Gift establishes professorship for Glee Club

By Josh Chapin, manager of editorial services

Music and Miami University have long bonded Lee ’68 and Rosemary Holoviak Fisher ’69.

They met over song as college students – with Lee switching from his baritone voice to Rosemary’s soprano part during a choir practice at Oxford’s Holy Trinity Episcopal Church, a move that did not amuse his future wife (“I can sing my own part, thank you very much,” Rosemary recalled retorting). But, a relationship soon sprung from that rather brusque initial encounter, blossoming into trips to watch Miami’s football team, dates at Tuffy’s and rides in Lee’s automobile, as he was one of the rare 50 or so with a permit during the days of Miami’s strict rule of no cars on campus.

There was more singing, too. Lee was in Glee Club and Rosemary part of the Choraliers during their days at Miami. The Fishers reconnected with their musical Miami memories in 2007 when they attended the Glee Club’s 100th anniversary concert weekend. 

“It was Glee Club that made me feel like I was a part of the university,” Lee said.

They’ve since strengthened their rekindled relationship with Miami. Moving back to Oxford in 2013, Lee has returned to the classroom and the Fishers have shown unwavering support to the Glee Club. They recently committed $100,000 to establish the Fisher-Holoviak Music Professorship while also including the Miami University Foundation in their estate plans for a minimum of $1 million to supplement the fund.

The Fishers previously created the Lee and Rosemary Fisher Scholarship in 2015, the first endowed scholarship in the Glee Club’s history.

“We’ve taken care of people because they’ve taken care of us,” Rosemary said. “It’s our way of saying thank you.”

“We’re glad we’re able to be where we are and able to help them out,” Lee added.

Lee graduated with a degree in political science, while Rosemary earned her Bachelor of Science in education. After Miami, the Fishers moved to the Philadelphia area as Rosemary worked as an elementary school teacher and Lee in corporate finance. 

The Fishers were engaged to be married before Lee left for Vietnam where he served for fourteen months with the Army’s 101st Airborne Division. They were married in 1970 just 10 days after Lee returned from Vietnam. 

Vietnam provided another connection to Miami when, in 2014, the Fishers donated their written letters to each other while Lee was in Vietnam. This letter collection is in the Special Collections section at the library, and the collection has been used as required reading for some Miami History classes since it was donated.

Retiring to a farm in Braxton County, West Virginia, the Fishers continued singing, this time with a small community church. That passion for song led them to the Glee Club reunion and, eventually, back to Oxford.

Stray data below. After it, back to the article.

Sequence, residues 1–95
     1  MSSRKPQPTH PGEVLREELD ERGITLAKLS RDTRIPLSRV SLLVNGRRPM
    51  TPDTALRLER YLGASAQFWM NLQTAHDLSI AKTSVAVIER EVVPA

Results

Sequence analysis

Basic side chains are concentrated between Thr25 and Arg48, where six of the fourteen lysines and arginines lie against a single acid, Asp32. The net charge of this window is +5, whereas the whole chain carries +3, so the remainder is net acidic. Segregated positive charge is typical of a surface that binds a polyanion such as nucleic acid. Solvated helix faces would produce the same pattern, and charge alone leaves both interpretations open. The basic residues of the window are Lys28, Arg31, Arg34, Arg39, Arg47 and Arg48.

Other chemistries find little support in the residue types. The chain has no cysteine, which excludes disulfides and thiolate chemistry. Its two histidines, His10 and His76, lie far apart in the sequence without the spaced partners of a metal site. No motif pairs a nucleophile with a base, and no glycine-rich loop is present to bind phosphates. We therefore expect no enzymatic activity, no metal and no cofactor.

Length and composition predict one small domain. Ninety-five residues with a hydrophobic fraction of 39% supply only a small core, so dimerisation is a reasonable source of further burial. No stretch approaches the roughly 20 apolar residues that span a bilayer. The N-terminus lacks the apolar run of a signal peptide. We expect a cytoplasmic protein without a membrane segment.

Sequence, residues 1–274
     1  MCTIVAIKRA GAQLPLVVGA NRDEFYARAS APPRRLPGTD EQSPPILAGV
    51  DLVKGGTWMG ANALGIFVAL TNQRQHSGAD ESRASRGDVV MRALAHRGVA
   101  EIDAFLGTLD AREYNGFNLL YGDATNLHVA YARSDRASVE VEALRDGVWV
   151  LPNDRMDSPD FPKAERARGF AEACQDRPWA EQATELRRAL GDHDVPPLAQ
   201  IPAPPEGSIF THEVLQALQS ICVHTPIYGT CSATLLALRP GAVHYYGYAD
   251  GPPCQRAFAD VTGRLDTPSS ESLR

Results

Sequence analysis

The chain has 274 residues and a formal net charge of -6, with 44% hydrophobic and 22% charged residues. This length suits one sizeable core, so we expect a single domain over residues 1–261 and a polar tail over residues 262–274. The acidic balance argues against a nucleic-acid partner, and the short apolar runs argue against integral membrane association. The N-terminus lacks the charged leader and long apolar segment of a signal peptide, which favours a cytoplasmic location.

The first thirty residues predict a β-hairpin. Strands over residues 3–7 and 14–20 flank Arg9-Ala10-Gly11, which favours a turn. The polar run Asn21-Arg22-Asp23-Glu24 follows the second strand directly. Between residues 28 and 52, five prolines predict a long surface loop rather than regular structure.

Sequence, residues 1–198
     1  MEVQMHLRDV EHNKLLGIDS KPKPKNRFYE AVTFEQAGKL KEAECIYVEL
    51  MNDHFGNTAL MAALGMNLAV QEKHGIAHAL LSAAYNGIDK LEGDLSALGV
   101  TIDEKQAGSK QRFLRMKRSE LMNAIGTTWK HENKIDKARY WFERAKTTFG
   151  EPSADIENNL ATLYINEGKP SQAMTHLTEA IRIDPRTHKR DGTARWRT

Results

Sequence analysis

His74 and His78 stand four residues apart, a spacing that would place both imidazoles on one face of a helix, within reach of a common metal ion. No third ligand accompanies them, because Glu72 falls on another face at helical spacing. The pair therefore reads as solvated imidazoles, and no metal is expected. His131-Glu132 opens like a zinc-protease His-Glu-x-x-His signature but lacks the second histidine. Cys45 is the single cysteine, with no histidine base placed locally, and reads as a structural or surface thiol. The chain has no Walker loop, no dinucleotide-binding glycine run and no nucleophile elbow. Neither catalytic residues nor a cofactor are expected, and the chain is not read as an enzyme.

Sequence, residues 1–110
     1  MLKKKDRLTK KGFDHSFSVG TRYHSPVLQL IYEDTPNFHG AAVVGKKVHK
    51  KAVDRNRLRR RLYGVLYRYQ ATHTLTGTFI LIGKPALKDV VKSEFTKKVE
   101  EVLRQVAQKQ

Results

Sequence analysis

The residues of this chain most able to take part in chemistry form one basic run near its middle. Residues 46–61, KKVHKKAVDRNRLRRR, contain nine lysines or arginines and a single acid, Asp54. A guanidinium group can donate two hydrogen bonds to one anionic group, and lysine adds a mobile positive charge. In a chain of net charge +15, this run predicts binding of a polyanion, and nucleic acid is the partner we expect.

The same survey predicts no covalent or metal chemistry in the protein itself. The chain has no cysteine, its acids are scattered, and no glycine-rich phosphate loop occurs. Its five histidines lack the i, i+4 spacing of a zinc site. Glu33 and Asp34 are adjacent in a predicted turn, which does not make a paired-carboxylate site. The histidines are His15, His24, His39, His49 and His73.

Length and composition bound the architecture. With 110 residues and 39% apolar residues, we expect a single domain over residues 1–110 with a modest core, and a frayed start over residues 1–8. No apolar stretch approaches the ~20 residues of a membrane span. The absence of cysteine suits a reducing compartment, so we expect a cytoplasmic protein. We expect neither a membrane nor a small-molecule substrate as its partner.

Now living at the Knolls of Oxford, the Fishers are familiar faces around Oxford. They often invite Lee’s current Miami classmates to dinner where, as Rosemary puts it, “they have to listen to life according to Lee.”

There is no shortage of stories from the Fishers.

There was the time Lee’s 1956 Chevrolet was stolen for a weekend, a mystery that lasted until a close friend confessed to the crime during Lee’s 50th reunion weekend. “Nobody ever said anything to me,” Lee said. “50 years later, my friend admits he had a family medical emergency, took the car to Cleveland, filled it up and brought it back to the same spot.”

Another car story. This time it was Lee with a mysterious new ride as he showed up in a 1967 black Mustang with a red leather interior. Telling Rosemary the car belonged to a friend, they drove around together for six weeks in the eye-catching automobile – until the friend wanted her car back. “One Saturday, the friend knocks on the window and she says, ‘Lee, do you think I can borrow my car?’” 

There is also the icebreaker Lee uses when he starts a new class at Miami as a non-matriculating graduate student in anthropology– showing off the flip phone he still uses. “It drives the students nuts,” he said. 

Lee’s gift for gab is well known, but every once in a while there can be an occasional skeptic. When a non-believer questions the validity of one of his tales, Lee turns to Rosemary for confirmation.

“They’ll say, ‘He told me this story,’ and Rosemary will say, ‘That’s basically true,’” Lee said.“They’ll tell another story, and she’ll say, ‘Yeah, that’s true too.’ One friend took her into the hall of our house and said, ‘Do you have any idea what he’s like?’”

The Fishers want to add more chapters to their Glee Club story – with a dream that more supporters contribute to the narrative.

“We hope we’re just setting the right example,” Lee said. “That’s really the best kind of legacy we think we can leave. If it causes other people to consider doing the same thing, mission accomplished.”

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